Table 6: SUPPORT ACTIVITIES (Haberberg and Rieple, 2008; Davies, 2009)
General
Administration
  • Cobra Beer was one of the fastest growing beer brands on the UK with a turnover of £80 million. In 2009 Cobra Beer went into the joint Venture with Molson and Coors.
Human Resource Management
  • Cobra has been included in the top 50 best places to work,
  • The culture is relaxed, inclusive and cosmopolitan There is no dress code and no fixed hours of work.
  • Salaries are above shares and employees were privileged to access shares in the company
Technology Development
  • The innovation is very important for the Cobra beer company, everything focuses around the ‘Less Gassy Beer’, and that is where the technology development is focused on.

4.2.2 Support activities: that contribute indirectly to the value adding, through supporting the primary activities. These include Infrastructure, human resource management, technology development, procurement, product development, planning and financial control (Haberberg and Rieple, 2008). To start with, Cobra Beer ltd was founded and developed by Karan Bilimoria. The mission of the company stays the same, it is to brew the finest Indian beer. However, Cobra Beer faced some financial problems and had to be put up for sale in 2008. Molson Coors bought 50.1% of the shares, the remaining 49.9% is still with Bilimoria and other stakeholders. And the company now is named Molson Coors Cobra. In terms of staff recruitment, according to Haberberg and Rieple (2008) the company had a mere od 95 UK employees, and 19 of them were the marketers. What is more, the technology is the very basis of the Cobra products. The unique recopies and production processes are used to get the distinctive character. At the begging the company have been a step ahead as they worked in the collaboration with a PhD in brewing technology from Czech Republic.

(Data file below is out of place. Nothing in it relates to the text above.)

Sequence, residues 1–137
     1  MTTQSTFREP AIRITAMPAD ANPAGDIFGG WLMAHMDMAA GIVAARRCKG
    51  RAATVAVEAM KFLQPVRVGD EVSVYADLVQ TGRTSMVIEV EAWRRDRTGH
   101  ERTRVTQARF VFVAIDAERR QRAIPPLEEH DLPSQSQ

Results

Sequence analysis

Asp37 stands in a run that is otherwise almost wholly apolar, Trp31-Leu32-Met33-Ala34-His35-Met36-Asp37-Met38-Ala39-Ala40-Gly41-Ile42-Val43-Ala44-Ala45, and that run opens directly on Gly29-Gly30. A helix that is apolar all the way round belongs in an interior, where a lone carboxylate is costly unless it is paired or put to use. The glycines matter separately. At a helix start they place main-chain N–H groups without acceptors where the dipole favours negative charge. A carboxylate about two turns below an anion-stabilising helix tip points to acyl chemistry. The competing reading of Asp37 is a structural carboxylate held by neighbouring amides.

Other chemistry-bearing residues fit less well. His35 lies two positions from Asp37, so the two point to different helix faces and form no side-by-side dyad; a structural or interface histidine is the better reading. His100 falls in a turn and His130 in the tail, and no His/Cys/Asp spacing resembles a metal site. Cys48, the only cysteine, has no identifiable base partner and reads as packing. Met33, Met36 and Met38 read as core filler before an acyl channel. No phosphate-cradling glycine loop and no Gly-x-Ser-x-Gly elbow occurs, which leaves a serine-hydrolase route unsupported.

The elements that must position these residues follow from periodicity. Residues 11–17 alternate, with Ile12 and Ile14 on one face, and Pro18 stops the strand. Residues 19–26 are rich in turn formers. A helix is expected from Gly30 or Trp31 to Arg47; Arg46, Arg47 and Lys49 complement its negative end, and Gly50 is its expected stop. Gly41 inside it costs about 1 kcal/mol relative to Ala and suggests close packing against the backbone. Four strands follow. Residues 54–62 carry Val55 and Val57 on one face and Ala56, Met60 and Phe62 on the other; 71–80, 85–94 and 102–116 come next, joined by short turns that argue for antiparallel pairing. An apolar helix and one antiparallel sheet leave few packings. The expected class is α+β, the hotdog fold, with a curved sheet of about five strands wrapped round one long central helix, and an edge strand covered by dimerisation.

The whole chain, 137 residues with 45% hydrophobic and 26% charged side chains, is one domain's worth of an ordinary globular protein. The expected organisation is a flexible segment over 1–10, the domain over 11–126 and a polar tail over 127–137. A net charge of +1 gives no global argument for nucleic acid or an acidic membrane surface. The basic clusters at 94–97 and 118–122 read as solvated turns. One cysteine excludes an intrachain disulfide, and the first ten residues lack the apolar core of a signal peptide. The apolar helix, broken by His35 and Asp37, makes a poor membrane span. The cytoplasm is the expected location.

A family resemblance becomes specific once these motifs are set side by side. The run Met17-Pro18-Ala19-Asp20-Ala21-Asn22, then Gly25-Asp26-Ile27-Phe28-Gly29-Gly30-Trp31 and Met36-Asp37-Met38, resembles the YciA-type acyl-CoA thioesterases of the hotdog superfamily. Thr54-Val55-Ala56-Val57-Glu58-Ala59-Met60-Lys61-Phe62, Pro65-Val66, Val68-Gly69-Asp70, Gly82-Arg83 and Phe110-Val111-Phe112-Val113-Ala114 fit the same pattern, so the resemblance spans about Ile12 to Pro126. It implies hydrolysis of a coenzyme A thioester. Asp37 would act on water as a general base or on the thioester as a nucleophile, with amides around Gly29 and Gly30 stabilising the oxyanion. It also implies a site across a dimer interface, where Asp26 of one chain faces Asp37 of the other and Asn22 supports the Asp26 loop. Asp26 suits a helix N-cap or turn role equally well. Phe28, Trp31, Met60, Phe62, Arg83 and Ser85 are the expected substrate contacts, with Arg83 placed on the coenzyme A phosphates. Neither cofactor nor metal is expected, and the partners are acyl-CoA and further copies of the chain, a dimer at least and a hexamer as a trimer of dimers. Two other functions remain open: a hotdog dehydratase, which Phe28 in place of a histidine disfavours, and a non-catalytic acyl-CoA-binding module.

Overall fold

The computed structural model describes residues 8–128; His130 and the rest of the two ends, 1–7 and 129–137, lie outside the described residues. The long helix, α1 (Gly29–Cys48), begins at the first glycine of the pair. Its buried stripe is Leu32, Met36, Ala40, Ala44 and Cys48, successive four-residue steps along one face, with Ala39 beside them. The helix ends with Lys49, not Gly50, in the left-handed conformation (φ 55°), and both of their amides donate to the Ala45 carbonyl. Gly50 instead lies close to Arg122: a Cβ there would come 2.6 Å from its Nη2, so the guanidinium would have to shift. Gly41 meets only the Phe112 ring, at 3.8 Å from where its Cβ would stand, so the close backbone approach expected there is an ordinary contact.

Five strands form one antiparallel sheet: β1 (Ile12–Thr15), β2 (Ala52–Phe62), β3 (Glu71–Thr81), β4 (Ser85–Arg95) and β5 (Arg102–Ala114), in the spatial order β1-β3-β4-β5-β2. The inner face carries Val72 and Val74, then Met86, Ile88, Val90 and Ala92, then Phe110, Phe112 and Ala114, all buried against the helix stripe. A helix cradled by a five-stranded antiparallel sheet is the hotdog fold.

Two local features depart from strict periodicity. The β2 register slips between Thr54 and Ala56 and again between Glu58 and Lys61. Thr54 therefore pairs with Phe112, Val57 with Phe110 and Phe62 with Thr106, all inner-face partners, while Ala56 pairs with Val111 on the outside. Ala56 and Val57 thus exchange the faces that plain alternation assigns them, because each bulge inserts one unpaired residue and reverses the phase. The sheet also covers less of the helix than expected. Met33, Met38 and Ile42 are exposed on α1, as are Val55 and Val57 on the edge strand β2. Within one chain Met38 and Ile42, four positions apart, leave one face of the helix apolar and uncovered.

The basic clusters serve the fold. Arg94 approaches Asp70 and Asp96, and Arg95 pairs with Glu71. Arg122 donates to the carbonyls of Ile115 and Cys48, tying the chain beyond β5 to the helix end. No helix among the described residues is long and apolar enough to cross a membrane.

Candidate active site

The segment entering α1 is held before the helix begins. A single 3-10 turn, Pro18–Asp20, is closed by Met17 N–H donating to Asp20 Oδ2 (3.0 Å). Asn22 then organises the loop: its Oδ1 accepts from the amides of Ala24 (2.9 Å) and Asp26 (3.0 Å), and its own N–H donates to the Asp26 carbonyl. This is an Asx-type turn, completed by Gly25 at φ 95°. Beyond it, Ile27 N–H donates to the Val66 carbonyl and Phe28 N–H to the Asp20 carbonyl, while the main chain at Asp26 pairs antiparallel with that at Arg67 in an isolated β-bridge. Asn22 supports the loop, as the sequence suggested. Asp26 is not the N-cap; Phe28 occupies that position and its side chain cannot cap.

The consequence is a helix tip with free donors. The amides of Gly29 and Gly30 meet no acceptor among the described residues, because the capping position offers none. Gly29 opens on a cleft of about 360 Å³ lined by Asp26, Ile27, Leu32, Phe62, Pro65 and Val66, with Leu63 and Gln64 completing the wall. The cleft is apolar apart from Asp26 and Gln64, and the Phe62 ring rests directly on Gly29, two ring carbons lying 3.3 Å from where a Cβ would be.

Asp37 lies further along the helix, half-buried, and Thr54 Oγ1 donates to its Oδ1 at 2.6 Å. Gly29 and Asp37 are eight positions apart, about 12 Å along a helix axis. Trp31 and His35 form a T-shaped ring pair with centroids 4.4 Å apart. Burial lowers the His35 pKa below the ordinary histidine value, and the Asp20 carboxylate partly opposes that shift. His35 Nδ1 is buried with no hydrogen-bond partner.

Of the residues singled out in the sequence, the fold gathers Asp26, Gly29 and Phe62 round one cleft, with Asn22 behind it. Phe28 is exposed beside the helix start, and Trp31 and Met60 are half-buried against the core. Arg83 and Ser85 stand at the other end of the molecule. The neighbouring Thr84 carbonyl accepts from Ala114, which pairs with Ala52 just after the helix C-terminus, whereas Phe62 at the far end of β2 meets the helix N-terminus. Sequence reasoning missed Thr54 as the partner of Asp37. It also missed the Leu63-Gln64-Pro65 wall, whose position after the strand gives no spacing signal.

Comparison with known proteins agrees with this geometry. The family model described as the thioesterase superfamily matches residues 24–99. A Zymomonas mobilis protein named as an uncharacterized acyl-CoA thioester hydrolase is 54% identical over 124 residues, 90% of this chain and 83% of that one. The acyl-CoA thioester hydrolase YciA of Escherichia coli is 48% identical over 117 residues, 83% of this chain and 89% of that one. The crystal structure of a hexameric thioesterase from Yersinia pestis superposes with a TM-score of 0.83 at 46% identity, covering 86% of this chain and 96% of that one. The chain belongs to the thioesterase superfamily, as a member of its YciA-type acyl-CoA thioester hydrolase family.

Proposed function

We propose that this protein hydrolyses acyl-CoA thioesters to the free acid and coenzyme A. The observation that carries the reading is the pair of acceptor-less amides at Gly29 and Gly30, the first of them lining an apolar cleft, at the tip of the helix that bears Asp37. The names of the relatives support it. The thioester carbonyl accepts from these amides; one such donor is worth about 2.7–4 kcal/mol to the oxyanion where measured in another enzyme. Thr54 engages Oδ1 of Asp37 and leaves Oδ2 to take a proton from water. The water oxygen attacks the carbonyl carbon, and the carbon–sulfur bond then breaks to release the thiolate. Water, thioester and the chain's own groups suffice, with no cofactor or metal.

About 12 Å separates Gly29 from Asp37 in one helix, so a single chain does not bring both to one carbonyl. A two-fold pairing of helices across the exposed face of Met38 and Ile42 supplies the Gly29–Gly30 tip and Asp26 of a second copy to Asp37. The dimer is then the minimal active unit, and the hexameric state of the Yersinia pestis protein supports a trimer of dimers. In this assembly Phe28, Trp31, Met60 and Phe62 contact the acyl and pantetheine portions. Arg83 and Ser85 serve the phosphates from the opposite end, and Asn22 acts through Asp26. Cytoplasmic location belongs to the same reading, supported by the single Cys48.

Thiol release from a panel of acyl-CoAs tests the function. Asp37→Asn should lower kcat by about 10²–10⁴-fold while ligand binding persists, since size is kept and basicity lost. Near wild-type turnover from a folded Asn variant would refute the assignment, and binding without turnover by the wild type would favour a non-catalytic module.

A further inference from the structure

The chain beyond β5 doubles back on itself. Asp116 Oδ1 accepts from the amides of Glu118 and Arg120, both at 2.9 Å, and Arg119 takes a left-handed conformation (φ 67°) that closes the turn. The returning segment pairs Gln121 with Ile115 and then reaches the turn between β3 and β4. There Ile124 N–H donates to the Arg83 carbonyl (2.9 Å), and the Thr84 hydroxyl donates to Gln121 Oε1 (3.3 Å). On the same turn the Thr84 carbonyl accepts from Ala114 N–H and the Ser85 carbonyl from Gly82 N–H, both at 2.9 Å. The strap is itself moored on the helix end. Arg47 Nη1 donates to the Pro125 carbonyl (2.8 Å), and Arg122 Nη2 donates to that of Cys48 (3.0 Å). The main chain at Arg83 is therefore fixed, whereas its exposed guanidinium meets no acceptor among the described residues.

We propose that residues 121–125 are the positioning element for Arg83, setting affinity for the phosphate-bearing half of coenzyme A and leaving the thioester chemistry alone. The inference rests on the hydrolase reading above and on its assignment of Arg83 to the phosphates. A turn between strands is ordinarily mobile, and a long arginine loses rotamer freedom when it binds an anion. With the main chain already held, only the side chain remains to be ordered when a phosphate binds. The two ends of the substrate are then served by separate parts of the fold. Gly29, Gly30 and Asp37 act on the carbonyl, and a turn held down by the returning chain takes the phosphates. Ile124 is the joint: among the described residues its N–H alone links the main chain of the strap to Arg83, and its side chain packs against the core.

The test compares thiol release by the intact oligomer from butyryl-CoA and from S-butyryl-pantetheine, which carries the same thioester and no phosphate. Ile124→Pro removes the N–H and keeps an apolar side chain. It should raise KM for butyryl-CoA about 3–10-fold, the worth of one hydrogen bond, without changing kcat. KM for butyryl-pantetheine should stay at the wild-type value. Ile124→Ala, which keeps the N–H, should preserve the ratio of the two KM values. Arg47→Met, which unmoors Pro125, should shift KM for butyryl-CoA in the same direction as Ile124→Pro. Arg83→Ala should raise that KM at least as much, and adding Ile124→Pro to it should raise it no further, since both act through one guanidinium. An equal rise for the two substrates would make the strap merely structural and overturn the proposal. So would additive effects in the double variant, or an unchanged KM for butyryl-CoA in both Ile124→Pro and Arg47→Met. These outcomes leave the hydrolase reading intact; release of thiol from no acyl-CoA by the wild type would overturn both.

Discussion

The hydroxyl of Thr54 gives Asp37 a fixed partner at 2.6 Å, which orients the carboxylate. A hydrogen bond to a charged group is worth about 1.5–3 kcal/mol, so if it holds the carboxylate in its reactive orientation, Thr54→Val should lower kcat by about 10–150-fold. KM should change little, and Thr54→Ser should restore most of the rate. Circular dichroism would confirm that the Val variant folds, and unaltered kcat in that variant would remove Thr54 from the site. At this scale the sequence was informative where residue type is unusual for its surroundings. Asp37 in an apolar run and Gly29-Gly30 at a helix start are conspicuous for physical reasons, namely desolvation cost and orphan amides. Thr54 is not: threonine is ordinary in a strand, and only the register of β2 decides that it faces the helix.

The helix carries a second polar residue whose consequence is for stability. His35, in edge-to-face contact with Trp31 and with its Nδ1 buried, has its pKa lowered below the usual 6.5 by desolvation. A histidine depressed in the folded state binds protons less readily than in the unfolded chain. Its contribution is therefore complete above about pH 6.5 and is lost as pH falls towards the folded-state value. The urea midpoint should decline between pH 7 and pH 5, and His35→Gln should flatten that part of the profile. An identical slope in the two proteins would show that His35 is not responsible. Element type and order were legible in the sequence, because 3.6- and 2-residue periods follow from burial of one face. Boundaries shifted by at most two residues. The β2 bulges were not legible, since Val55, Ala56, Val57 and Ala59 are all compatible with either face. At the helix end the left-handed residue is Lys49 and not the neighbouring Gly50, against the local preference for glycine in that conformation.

4.3 CORE COMPETENCES

It is believed by Haberberg and Rieple (2008) that there are core competences in every organization, most of them meet the VIRUS criteria and underpin the important competences in its core business. There are some resource combinations that that led the company to achieving competitive advantage. Moreover, Prahalad and Hamel (1990) outlined that core competences are achieved when threshold competences and resources are combines. Therefore, this would ultimately create strengths that are unique for the company.

All of resource combinations are believed to be core competences that drive the company to the competitive advantages and potential of future growth.

Resource Combination Core Competence Benefits
Research and Development Product differentiation and innovative new product development Customers have variety of products to choose from
Marketing and Product Design Strong Brand Image and Reputation Credibility, loyalty, good quality product that can be sold up-market. (at higher price)
Human Resources and Brand Image Highly trained workforces Effectives sale promotion and distribution
Table 7: Core Competences (Haberberg and Rieple, 2008)

What is more, Cobra Beer has achieved its competitive advantage mostly through differentiation advantage rather than cost leadership advantage. This can be seen through the Value Chain and RBV.

  1. ANALYSIS OF PR CRISIS

This section will identify external stakeholder issues that Cobra Beer faces and critically assess their impact on the corporate reputation and brand equity.

 

5.1 COBRA FACING FINANCIAL CRISIS.